Schumer Seizes Control of Senate – Are We Doomed?

Schumer Set to Take Control of Senate After Georgia Runoffs

( – The first full week of January is one for the history books. The country saw the Electoral College ballot certification process and the brief occupation of the US Capitol Building by a mob of overly enthusiastic individuals.

Georgia concluded its highly anticipated US Senate runoff elections with both Democratic candidates projected to defeat their Republican incumbents.

This means Senate Minority Leader Chuck Schumer (D-NY) and Majority Leader Mitch McConnell (R-KY) will trade roles after Republicans managed to hold control of the chamber for six years. However, they won’t be switching offices due to some long-standing, time-honored tradition.

So what exactly does all this mean?

How Will the Senate Change Under Democratic Control?

That’s the $20,000 question and depends on whom you ask. If you ask Democrats, it means they’ll likely talk about authorizing the additional $1,400 in COVID-19 relief money for working-class Americans — which would be welcomed by most. You might also hear rumblings about the passage of college loan cancellation, the Green New Deal, Medicaid-for-All, and a host of other leftist pipe dreams.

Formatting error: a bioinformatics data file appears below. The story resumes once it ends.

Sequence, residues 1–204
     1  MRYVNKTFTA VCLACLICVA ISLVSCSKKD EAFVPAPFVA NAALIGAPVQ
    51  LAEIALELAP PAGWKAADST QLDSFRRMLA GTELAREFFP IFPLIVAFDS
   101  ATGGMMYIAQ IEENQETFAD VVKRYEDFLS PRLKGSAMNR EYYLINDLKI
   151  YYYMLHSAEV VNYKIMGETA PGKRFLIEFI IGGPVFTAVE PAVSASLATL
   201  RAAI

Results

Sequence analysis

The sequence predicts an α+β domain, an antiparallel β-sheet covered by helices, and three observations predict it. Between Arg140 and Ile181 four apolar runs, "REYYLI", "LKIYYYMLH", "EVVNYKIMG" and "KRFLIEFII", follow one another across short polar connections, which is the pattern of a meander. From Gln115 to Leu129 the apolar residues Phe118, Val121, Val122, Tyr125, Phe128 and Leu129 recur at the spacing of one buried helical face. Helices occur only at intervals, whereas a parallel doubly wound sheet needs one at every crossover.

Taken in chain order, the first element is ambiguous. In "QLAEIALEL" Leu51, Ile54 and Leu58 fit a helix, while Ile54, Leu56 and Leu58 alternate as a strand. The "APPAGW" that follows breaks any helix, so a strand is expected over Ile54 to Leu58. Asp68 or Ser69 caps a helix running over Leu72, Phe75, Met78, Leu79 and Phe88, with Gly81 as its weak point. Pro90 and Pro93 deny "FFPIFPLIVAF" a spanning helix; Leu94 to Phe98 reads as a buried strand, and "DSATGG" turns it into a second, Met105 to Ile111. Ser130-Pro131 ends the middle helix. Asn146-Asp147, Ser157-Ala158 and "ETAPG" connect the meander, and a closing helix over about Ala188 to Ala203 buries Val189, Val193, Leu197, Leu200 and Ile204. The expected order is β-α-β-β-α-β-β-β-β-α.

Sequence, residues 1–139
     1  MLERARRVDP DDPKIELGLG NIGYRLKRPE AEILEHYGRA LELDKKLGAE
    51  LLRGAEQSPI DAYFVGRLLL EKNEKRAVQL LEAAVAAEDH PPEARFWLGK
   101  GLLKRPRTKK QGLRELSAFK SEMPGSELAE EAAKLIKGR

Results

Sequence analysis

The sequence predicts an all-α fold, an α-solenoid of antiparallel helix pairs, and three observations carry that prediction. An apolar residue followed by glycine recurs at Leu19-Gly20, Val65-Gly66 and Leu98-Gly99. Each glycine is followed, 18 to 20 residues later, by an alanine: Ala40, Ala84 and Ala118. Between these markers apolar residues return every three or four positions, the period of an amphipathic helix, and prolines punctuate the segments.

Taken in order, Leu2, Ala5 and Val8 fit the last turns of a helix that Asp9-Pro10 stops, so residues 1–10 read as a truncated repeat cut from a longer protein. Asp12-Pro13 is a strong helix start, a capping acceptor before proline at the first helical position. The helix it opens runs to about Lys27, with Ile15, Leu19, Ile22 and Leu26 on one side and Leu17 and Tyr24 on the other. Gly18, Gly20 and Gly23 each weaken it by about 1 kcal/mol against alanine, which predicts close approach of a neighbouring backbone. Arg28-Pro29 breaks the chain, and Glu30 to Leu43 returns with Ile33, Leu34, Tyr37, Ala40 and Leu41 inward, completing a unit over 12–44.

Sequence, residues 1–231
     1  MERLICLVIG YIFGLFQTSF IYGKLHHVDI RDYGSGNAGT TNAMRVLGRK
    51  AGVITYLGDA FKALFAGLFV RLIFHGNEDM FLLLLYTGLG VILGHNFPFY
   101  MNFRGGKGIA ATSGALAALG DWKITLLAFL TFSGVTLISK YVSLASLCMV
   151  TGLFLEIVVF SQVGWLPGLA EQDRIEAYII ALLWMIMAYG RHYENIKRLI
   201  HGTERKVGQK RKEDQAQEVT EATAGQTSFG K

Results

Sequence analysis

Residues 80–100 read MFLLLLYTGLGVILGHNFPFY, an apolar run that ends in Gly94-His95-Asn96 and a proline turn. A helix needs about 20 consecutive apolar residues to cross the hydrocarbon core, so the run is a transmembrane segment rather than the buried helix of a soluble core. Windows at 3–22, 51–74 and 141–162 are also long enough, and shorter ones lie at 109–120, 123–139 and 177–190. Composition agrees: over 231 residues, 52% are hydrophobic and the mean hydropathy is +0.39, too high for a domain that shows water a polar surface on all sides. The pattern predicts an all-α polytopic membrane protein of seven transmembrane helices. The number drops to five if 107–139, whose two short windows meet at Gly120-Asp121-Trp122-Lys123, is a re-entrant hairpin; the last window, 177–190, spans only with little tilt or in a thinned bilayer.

However, the truth of the matter is that Americans probably won’t see many major changes in the next couple of years until the 2022 midterm elections and the country gets to do it all over again.

Why, you ask? Well, for starters, with a 50/50 split in the Senate and the House having its slimmest of margins in a couple of decades, Democrats won’t be able to get a lot done without support from Republicans.

This reality holds particularly true with top-dollar bills like health care or environmental reform because they usually require 60 votes for passage in the Senate.

Bottom line, things will likely continue moving at their usual slow pace in the Senate for the next couple of years. If history holds, Republicans may take control of the House and Senate after the 2022 midterms.

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